Miracles Always Promote Good and Glorify God Alone

Miracles are not like magic tricks for show but have the distinct purpose of glorifying God.

  • Since God is good, miracles are meant to promote good, and God alone deserves the glory for miracles.

Miracles Are Not Contradictions

God can’t create square circles or married bachelors because they are logical impossibilities. But there’s nothing logically contradictory about some events that are not physically possible. For example, it’s physically impossible to walk on water. But there’s nothing logically contradictory about it, and thus God can make it happen if he desires.

The Purpose of Miracles

To provide us a context in which to examine miracles, we also need to explore the purpose of miracles. Miracles are for more than amazement. They serve God’s purposes in two primary ways. First, they confirm a message from God.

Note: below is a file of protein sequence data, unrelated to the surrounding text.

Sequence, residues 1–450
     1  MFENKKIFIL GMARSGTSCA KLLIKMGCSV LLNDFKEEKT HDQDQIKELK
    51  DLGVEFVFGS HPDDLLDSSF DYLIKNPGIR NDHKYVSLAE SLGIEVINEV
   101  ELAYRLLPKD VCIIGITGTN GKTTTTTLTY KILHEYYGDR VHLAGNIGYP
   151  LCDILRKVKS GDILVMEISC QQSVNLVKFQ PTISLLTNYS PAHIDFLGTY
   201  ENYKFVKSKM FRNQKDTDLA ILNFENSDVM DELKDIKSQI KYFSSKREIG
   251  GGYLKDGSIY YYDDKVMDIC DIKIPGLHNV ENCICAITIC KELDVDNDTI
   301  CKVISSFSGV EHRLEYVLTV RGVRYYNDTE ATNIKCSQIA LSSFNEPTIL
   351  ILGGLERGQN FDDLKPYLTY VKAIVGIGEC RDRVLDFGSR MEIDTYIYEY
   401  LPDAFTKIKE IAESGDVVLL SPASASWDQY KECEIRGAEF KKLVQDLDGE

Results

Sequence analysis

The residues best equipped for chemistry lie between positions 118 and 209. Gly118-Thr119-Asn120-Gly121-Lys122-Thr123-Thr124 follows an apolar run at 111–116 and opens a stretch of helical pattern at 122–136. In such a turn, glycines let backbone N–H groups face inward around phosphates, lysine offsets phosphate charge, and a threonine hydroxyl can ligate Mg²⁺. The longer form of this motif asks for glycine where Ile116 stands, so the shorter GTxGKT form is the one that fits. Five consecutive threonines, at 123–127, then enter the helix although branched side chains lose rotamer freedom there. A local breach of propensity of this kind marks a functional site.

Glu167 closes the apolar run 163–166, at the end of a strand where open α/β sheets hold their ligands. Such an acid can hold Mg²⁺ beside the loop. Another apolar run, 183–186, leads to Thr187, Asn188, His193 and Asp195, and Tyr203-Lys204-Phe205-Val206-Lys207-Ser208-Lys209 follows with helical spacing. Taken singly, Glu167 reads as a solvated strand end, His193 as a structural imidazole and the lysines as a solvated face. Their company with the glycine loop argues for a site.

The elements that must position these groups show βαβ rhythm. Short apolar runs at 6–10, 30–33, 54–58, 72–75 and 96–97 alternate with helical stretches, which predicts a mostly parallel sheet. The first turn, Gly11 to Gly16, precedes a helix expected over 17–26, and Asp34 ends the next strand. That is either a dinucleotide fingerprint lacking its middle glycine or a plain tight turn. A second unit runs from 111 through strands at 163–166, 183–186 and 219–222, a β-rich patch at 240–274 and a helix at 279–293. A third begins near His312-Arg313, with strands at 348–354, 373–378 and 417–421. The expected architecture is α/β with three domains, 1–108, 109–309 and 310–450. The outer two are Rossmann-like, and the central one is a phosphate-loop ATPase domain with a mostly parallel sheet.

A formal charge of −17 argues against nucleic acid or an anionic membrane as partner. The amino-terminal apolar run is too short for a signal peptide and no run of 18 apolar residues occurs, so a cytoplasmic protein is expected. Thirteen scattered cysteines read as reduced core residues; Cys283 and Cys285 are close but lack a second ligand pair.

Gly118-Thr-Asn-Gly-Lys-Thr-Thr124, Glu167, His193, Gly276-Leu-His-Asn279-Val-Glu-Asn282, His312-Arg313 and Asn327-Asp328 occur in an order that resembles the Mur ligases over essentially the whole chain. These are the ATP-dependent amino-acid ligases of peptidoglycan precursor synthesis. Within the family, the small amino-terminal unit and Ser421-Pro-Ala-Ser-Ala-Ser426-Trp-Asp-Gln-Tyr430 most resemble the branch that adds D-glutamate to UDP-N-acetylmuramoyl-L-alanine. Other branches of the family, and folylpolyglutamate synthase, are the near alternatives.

Miracles are a sign of the truthfulness of God’s word.

Second, miracles confirm a messenger from God. In John 3:2, Nicodemus says of Jesus,

Rabbi, we know that You are a teacher who has come from God. For no one could perform the signs you are doing if God were not with Him. — NIV

Many people followed Jesus because of the signs and wonders he performed.

Modern Miracles

“If miracles are possible,” says the skeptic, “then why don’t they still happen?” That’s a fair question. If miracles happened nowadays, that would certainly give added support to the biblical accounts of miracles. In his book A Simple Guide to Experience Miracles, Christian philosopher J. P. Moreland describes and verifies a few modern-day miracles.